The Beauty and Value of Fungus in a Forest Ecosystem

A fungus photo essay by Jen Ganley who is from New England; Janine Pung who is from Minnesota; and Jim Cotton from Redwood country, Northern California; Maria Montero, from Minnesota. Thanks to Ron Spinosa of the Minnesota Mycological Society for identifying the fungus.

Purple Crust Fungus            Phlebiopsis crassa
Photo by Jen Ganley

When most of us think of fungus, we think of mushrooms sprouting out of the ground. A mushroom is actually the “fruit” of the fungus. Most of a fungus grows underground and is a large network of tiny threads called “mycelium” that intertwine with trees.

American Caesar’s Mushroom, Amanita Jacksonii
photo by Jen Ganley

This attractive mushroom is found in hardwood forests of New England. Most types of Amanita are highly poisonous, whereas this one is edible. It is a close relative of Caesar’s Mushroom, which grows in Italy, was a favorite of the emperors of the Roman Empire. The mushroom has a symbiotic relationship with the roots of certain trees.

How large can a fungus get? The largest known underground fungal network in the world is a honey fungus in Oregon that measures over 3 miles across.


Tremella foliacea.
Photo by Jen Ganley

Jelly fungus is usually found growing on fallen logs or stumps of trees in deciduous forests.

In a healthy forest, trees are inter-connected with other trees by the fungus’s mycelium network. The mycelium allow trees to share water and nutrients.

Violet Cortinarius
Photo by Jen Ganley


The Violet Cort emerges after a fall rain. As the fungus grows, its brilliant color fades.

The future of our forests may depend more upon what is beneath the ground rather than above. Most trees have underground fungal partners that channel water and minerals from the soil into trees. In exchange trees supply the fungus with energy-rich sugars from photosynthesis.

Laetiporus sulfphureus
Photo by Jen Ganley

Giant Puffball
Photo by Jen Ganley

Giant Puffballs feed on decaying organic material and are always found growing on the ground rather than on a tree. As the puffball ages, it turns brown and releases its spores. The spores were used by Native Americans to treat bleeding and prevent infection. The largest puffball on record was 59 inches around.

Honey Fungus
Photo by Lawrence Wade

Some species of Honey Fungus are bioluminescent, meaning they glow in the dark.

Amanita muscaria guessowii emerging from the ground
Photo by Jen Ganley


Amanita Muscaria Guessowii fully grown
Photo by Jen Ganley

Amanita is one of the most recognizable mushrooms in the world. The mushroom is featured in the video game “Super Mario Brothers”and in the movie “Fantasia”. It is  highly toxic if ingested. It has a symbiotic relationship with various types of trees. It sends nutrients into the tree’s roots and receives sugars from the tree’s photosynthesis .

Jack o Lantern
Photo by Janine Pung

 We saw the Jack o Lantern on August 14 at Minnewashta Park.  I remember we both thought it was kind of surreal or “other worldly-looking”.  It had a unique energy.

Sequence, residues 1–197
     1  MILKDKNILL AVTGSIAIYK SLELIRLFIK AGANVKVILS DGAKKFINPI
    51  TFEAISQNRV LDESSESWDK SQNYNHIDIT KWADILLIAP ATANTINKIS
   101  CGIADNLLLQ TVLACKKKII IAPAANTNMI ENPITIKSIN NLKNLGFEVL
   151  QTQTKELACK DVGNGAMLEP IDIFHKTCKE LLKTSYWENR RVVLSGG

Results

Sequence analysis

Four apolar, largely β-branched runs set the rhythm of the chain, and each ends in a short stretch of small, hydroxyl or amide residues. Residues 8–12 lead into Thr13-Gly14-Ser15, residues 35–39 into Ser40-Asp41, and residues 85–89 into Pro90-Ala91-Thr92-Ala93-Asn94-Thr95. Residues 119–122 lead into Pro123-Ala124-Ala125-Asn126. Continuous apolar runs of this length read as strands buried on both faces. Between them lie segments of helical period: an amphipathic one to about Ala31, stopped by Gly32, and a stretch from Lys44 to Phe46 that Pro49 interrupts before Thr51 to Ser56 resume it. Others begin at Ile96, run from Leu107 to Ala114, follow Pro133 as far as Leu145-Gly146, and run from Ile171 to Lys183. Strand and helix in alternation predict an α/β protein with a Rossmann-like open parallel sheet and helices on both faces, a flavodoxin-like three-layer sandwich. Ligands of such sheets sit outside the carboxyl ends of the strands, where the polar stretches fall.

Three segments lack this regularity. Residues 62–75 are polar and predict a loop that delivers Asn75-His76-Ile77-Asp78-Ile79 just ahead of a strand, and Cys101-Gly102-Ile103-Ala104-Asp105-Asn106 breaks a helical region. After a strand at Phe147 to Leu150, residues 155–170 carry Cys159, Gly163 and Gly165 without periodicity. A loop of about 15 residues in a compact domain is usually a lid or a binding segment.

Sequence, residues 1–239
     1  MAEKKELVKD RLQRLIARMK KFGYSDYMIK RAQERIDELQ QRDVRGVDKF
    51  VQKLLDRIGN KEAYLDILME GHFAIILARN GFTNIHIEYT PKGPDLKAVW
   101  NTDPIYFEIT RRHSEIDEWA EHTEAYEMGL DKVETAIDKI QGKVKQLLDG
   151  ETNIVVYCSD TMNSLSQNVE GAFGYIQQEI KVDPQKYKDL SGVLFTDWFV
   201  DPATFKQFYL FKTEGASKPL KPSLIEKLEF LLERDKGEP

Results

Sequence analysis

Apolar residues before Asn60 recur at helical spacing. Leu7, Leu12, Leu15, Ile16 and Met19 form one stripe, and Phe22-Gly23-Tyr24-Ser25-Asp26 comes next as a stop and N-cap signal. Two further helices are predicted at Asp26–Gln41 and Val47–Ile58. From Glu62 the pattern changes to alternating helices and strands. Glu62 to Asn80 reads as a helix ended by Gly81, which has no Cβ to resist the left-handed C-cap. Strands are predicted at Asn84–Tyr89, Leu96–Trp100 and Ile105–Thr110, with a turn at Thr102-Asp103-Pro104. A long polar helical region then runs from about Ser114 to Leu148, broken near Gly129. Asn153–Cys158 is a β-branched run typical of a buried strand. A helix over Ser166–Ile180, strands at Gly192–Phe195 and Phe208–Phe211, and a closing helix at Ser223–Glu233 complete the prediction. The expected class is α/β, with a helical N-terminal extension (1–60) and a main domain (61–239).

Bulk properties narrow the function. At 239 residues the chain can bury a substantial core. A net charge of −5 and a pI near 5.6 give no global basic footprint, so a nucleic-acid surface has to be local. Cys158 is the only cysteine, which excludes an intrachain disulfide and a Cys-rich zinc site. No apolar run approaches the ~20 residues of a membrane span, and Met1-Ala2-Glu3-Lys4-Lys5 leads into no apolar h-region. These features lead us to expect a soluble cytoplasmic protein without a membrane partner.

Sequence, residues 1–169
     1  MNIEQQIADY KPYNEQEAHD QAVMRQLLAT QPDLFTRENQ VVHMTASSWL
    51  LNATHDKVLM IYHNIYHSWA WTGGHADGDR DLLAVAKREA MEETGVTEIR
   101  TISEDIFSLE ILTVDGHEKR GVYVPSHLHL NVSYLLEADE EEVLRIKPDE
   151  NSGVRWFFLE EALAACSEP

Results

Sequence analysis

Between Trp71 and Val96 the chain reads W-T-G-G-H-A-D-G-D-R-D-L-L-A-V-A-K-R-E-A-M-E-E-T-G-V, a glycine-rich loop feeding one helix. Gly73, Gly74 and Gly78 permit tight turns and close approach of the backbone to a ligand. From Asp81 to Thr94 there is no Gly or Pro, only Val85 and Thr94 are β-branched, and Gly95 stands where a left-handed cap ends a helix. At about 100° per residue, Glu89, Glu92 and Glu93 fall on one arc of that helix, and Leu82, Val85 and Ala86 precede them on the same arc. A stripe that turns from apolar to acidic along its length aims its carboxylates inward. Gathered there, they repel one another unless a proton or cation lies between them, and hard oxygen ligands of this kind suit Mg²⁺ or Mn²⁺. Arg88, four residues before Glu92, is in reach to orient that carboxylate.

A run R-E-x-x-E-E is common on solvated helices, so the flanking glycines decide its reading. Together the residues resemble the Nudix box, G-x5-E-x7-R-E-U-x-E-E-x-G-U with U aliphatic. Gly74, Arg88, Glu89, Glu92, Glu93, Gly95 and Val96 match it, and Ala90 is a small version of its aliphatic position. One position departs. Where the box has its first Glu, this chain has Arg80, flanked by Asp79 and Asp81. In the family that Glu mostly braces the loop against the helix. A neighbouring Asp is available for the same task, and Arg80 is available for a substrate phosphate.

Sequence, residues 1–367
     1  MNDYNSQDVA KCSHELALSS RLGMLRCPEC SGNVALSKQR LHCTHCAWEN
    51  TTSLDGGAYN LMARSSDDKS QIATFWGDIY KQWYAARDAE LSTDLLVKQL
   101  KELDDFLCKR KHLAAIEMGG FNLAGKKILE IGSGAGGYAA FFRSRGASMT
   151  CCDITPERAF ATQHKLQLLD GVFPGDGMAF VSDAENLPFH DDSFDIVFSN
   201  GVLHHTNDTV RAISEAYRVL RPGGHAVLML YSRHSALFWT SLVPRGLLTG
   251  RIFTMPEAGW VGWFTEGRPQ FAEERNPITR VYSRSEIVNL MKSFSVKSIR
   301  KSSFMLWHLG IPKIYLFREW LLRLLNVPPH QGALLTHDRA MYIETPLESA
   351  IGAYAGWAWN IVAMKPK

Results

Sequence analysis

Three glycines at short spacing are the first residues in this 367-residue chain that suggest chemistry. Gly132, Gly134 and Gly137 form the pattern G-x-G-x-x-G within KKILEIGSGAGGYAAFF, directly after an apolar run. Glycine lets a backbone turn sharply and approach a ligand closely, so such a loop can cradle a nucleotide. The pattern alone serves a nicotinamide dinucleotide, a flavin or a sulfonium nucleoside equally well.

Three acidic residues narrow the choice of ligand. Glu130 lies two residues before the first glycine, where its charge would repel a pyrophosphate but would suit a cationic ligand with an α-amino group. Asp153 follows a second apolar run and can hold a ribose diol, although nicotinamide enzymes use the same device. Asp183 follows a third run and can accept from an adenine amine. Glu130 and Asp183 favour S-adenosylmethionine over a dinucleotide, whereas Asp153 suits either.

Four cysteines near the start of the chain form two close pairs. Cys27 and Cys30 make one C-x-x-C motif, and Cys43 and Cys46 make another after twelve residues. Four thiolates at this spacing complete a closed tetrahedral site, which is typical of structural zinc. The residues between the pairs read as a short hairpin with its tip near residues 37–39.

Janine Pung

I was with Janine and we saw a few clumps growing in a hardwood forest. The Jack O Lantern is poisonous and is said to glow in the dark, thus its name, “Jack O Lantern”.
Lawrence Wade

Indian Pipe
Photo by Janine Pung

Whenever I see an Indian Pipe in the woods, my first reaction is, “What’s that?”. Lawrence Wade

Indian Pipes are not actually mushrooms but a unique form of plant also known as the “ghost plant”. It grows in the shade and lacks chlorophyll, thus it has a pale color. Since it is not able to photosynthesize, it “steals” nutrients from the mycelia of fungus who are interconnected to the roots of trees.

Laetiporus cincinnatus
Photo by Janine Pung

The “Chicken in the Woods”  is not only colorful, but a culinary favorite of mushroom hunters. It can be found growing on the base of dead or dying hardwood trees.

Photo by James Cotton

Loved the color variation and Redwood habitat.  James Cotton

Tetrapyrgos nigripes.
Photo by James Cotton

Really like the architecture with nature’s skylight. James Cotton

Mycena sp.
Photo by James Cotton

So tiny and delicate.  Another micro world that is so easily passed over.  A reminder to slow down and take it all in.  James Cotton

Amanita Muscaria
Photo by James Cotton

Like Gondwana land the white surface fragments of the cap breakup into other patterns as the cap evolves.  Startlingly beautiful coloration! Perhaps a cautionary signal not to eat.  James Cotton

Sleeping Bear Dunes, Upper Pennisula MI.
Photo by Maria Montero

Sleeping Bear Dunes, Upper Pennisula MI.
Photo by Maria Montero

Contributor, Cindy Eyden shared the following link: How Trees Secretly Talk to and Share with Each Other


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2 Responses to The Beauty and Value of Fungus in a Forest Ecosystem

  1. Sanjay Cherian says:

    I loved this post. So little is known about mushrooms. That fungi can decompose and recycle organic matter makes them indispensible not only to trees but to all life on earth.

  2. Aaron Wade says:

    Very pretty. Great post.

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